Siblings recall decade when their father owned Caldwell’s General Store in Woodside
For a decade in the ’50s, Caldwell’s General Store was located at the corner of Woodside and Canada Roads, operated by the dashing Emott Caldwell. Two of his adult children not only have distinct memories about that era but retain a copy of the quirky newsletters their father published called The Crossroads Enterprise.
Jim Caldwell recalls that his father bought what was then called Neuman’s general store on a bit of a lark. “He had some money and viewed it as a kind of hobby.”
“He’d moved from Philadelphia where the family owned a jewelry business,” explains big sister Haydi Sowerwine. “Evidently, there was a family feud of some sort.”
“We ended up on Polhemus Avenue, so the store, renamed Caldwell’s General Store, was just down the road,” says Jim, an architect and artist who lives not far from the current market, Roberts, in Woodside. “He’d be behind the cash register. Given that he was handsome, he became a confessor of sorts to the women who shopped there.”
Menlo Park resident Haydi describes her father as “eccentric, but a hard worker.”
“He owned the store for about 10 years from 1950 to 1960, when it was purchased by the Robert’s family. He opened and closed it everyday.”
Emott, who died in 2000, leaves a legacy of that decade in The Crossroads Enterprise, which promoted then many services the store offered, for example:
“We’ve had many comments from customers and friends on the number and variety of services we offer here at the store…we’ll repair your lamps, develop your pictures, insure your house or whatnot, teach you to knit, register you as a voter, or dray things around for you…As if this weren’t enough, we’re pleased to announce still another service, Airplane Charter, which we now offer to anyone who will put up with the rather strict limitations we have imposed in the interests of safety.”
Of note: passengers paid $25 per flying hour in Emott’s Beachcraft Bonanza. An experienced pilot who served inWorld War II, he became a flight instructor and later served as a pilot to Fleet Adm. Chester Nimitz.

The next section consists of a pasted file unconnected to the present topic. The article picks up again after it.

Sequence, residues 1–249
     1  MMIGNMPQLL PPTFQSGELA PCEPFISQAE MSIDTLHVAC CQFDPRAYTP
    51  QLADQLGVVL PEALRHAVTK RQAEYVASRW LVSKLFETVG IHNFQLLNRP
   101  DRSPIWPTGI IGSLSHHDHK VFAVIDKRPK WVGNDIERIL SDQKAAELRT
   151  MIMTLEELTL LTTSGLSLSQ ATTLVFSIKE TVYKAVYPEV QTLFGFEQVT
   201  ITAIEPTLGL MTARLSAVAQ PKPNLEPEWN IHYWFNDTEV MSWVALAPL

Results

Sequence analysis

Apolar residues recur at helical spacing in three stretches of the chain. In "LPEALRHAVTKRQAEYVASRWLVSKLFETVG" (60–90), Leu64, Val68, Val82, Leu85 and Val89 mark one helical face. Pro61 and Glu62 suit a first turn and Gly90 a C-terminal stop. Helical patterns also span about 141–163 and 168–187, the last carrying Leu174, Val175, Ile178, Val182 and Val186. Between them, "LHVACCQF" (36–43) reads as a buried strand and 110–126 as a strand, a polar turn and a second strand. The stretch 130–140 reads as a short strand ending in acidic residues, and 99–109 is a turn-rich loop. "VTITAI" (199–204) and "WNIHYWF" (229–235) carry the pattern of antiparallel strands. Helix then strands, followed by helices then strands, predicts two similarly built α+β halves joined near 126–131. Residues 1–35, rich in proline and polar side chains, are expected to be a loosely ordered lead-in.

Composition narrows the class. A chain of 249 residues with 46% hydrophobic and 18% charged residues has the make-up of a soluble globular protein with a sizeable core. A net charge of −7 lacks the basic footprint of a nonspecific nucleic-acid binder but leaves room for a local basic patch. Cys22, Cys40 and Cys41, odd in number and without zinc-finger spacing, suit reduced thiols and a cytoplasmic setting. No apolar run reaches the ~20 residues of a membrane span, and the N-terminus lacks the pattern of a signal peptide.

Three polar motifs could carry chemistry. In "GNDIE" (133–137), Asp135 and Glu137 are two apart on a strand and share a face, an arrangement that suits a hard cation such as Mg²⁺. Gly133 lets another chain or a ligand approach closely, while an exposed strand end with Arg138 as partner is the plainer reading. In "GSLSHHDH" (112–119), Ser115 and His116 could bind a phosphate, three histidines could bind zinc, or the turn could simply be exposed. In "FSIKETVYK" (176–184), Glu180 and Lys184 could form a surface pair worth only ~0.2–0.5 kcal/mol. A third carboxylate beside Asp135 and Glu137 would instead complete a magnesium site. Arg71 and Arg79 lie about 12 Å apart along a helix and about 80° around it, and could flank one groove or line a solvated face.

He also advocated for a traffic light at the corner of Woodside and Canada Roads.
“We’ve heard it said that a traffic light right here in the middle of Woodside would make it seem urban, or less rural, or something,” Emott wrote. “We maintain that it would make the intersection a lot safer, which would be a vast improvement over the way it is now, and we invite anyone who has doubt about the need for such a light to spend a brief period observing the situation from our front porch, an experience which we guarantee will convince the most skeptical.”
“In the picture of the store [below] you can see the Standard gas station across the street. The men’s room was right on the corner, and it was smashed into several times by cars going through the stop sign at Canada Road,” says Jim.
Being the first of six children born to Emott’s three wives, Haydi and Jim can remembers local kids reading comic books in the front corner of Caldwell’s, something Emott opines about in the January, 1955 issue of Crossroads.
“We had a communication from a friend the other day…whose avowed purpose was to rid newstands of the crime and horror currently flooding them.
“Having as we do, five children and a newsstand full of comic books, this problem interests us more than somewhat and has for a number of years. The infinitude of comics sent to us by the wholesale new agencies does indeed contain a fair percentage of especially gruesome or revolting numbers which we immediately set aside and bundle up for return to the news company…As for the remaining, they are regularly pored over by such swarms of children that sit-down on our front window sill…That they rarely feel impelled to buy the blooming things doesn’t both us at all, for they keep absolutely quiet, and their grubby little hands are kept off the merchandise that people do buy!”
Photo of Haydi Sowerwine and Jim Caldwell in front by Roberts by Robb Most (c) 2021; historical photos courtesy of Caldwell family